Carnegiea gigantea, Giant Saguaro

Southwest Desert Flora

Home to the plants of the Sonoran, Chihuahuan and Mojave Deserts

Cirsium ochrocentrum, Yellowspine Thistle

Carphochaete bigelovii, Bigelow's Bristlehead

Bigelow's Bristlehead has brilliant white discoid flowers (only 3 to 4 flowers per head) with purplish throats. Note in the photograph that the corollas each have 5 pointed lobes with exserted stamens and numerous fine bristles surrounding the petal lobes. Carphochaete bigelovii Bigelow's Bristlehead has only 4 disk flowers; note in photograph of side view of bud, 2 of the 4 flowers. Also note rough, gland-dotted phyllaries subtending flowers. Carphochaete bigelovii Bigelow's Bristlehead has only 4 disk flowers; note in photograph of side view of bud, 2 of the 4 flowers. Also note rough, gland-dotted phyllaries subtending flowers. Carphochaete bigelovii Bigelow's Bristlehead is found in a variety of habitat preferences which often include large and small rocks and boulders. There are found in upland Sonoran desert habitats, chaparral and pinyon-juniper and canyons. Carphochaete bigelovii Bigelow's Bristlehead has dull green leaves, mostly opposite and often fascicled on older growth. The leaves are linear or narrow elliptical and the margins entire. Carphochaete bigelovii Bigelow's Bristlehead or Bigelow Bush is named in honor of Dr. John Milton Bigelow, (1804-1878), American physician and botanist who was born in Vermont. Carphochaete bigelovii

Scientific Name: Carphochaete bigelovii
Common Name: Bigelow's Bristlehead

Also Called: Bigelow Bush

Family: Asteraceae, Sunflower Family

Synonyms: ( )

Status: Native

Duration: Perennial

Size: 1 to 4 feet (30-122 cm) or more.

Growth Form: Forb/herb, subshrub; bases woody, slender stems often stiff, brittle, upright (erect), reddish, pubescent.

Leaves: Green; dull, leaves arranged generally oppositely along stems; leaves fascicled on older growth; lower leaves oblong-spatulate, upper leaves oblong to linear; blades without supporting stems or stalks (sessile); leaf edges or margins smooth, not lobed or toothed (entire).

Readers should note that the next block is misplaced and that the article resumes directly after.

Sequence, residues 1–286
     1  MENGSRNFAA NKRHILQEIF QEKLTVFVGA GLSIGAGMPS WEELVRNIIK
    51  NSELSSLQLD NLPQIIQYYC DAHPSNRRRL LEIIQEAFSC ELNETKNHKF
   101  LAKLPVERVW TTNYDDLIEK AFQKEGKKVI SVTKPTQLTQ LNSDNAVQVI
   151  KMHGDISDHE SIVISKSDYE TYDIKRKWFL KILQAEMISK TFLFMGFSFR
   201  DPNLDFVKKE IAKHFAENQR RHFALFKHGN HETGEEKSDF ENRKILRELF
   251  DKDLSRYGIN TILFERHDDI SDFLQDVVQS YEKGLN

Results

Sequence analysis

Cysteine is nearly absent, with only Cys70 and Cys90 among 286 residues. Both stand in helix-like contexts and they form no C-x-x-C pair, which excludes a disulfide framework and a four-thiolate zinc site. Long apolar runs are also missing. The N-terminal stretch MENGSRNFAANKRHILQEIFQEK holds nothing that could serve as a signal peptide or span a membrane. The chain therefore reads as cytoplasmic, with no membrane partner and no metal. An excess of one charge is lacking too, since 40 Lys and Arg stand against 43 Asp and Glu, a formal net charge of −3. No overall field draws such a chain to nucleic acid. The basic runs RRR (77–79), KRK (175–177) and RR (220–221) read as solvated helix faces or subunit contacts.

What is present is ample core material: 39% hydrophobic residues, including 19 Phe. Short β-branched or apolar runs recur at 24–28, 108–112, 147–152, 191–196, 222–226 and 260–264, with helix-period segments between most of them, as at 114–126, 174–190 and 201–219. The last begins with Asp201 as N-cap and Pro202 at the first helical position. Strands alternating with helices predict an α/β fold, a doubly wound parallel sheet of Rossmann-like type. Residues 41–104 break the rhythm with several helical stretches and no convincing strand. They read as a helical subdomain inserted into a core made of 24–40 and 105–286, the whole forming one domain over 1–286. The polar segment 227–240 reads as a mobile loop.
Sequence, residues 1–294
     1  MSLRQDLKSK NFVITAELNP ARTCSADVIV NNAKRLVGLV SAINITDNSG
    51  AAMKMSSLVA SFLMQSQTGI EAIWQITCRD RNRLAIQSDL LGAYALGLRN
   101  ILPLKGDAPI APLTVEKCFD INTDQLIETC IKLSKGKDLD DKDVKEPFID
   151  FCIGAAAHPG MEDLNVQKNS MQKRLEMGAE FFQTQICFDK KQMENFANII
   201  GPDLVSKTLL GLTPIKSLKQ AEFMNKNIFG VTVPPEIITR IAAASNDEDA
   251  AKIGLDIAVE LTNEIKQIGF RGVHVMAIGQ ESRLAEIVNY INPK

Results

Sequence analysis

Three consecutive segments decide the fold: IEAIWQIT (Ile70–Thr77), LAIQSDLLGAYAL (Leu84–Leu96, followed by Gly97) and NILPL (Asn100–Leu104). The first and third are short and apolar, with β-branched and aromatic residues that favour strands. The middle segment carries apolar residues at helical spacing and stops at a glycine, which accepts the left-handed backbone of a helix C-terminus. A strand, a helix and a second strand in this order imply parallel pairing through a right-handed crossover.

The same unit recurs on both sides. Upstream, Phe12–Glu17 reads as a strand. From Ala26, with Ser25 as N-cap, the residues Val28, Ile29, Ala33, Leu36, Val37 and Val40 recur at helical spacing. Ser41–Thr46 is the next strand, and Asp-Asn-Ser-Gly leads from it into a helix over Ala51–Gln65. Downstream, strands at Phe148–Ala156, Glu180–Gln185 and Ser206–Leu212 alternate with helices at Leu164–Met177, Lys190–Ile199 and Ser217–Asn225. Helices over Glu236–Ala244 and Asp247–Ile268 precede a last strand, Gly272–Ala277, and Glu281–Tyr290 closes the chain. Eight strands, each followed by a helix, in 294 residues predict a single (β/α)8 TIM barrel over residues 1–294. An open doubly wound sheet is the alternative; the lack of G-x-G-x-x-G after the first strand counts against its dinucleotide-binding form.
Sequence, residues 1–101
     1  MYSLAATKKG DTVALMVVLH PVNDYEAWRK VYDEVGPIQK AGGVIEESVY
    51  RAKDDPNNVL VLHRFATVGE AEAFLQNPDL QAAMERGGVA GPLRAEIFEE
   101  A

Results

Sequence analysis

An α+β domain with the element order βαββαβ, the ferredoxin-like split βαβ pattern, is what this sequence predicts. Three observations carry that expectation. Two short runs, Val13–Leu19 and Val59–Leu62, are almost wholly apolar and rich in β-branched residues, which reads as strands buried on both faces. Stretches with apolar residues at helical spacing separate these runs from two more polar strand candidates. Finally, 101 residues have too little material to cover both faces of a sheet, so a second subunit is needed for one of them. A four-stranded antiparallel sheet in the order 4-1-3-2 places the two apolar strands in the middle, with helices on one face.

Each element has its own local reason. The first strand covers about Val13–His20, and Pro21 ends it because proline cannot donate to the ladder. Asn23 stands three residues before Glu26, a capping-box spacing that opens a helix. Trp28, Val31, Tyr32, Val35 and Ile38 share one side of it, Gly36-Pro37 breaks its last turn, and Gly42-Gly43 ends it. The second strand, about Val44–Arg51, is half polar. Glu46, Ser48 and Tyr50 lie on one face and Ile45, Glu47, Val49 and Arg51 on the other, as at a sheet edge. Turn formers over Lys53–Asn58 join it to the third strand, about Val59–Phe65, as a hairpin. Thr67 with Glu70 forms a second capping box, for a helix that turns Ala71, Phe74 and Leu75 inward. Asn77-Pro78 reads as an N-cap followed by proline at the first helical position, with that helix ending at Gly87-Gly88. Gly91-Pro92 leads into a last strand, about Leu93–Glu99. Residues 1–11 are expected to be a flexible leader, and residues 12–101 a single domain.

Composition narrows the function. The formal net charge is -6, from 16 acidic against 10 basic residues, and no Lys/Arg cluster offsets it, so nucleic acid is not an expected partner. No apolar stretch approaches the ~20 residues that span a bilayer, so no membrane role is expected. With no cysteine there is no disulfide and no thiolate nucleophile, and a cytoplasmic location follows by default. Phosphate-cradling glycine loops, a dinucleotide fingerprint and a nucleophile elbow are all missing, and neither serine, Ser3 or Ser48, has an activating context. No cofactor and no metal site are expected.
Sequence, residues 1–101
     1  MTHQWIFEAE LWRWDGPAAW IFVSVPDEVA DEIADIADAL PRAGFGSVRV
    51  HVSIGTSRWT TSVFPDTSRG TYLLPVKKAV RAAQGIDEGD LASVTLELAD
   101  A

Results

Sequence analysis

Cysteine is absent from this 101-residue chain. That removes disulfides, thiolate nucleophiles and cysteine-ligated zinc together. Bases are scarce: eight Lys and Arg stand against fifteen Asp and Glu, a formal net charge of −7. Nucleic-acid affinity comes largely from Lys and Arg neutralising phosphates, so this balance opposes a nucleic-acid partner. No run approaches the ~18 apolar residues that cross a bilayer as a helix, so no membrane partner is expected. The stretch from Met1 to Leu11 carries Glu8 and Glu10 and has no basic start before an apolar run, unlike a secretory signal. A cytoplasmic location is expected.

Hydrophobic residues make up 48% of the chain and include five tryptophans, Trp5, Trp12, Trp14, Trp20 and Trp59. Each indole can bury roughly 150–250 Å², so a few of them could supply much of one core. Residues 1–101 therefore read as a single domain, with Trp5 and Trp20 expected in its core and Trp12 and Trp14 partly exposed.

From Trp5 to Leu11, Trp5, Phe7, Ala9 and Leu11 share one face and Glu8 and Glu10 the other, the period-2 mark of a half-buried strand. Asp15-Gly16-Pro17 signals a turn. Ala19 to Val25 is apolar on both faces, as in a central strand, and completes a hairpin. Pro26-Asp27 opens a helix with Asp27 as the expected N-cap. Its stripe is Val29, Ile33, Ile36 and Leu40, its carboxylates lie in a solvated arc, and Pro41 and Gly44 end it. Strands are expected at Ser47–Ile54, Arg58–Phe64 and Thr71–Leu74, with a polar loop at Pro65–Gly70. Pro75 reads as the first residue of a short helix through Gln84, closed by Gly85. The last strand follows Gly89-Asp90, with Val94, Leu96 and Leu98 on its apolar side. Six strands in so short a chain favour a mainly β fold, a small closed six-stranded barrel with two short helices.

Flower Color: White, purplish throats; flowering heads solitary or 2 or more in clusters from leaf axils or terminal on branch tips; disk flowers only; fruit a cypsela, yellow-green to golden brown, pappus scales brownish to purplish.

Flowering Season: January to July; may bloom again in late winter.

Elevation: 2,500 to 7,000 feet (760-2,100 m).

Recorded Range: Bigelow's Bristlehead is relatively rare in the United States where it is found mostly only in Arizona and also in southwest New Mexico and far western Texas. It is also native to northwestern Mexico (Chihuahua, Coahuila, Durango, Sonora).

Habitat Preferences: Upland Sonoran desert habitats, chaparral vegetation and pinyon-juniper, grasslands in rocky areas, rocky hillsides, rocky slopes, canyons, sandy soils.

North America & US County Distribution Map for Carphochaete bigelovii.

North America species range map for Carphochaete bigelovii:
North American range map courtesy of Virginia Tech, Dept. of Forest Resources & Environmental Conservation

North America species range map for Carphochaete bigelovii: Click image for full size map
Click image for full size map

U.S. Weed Information: Unknown
Invasive/Noxious Weed Information: Unknown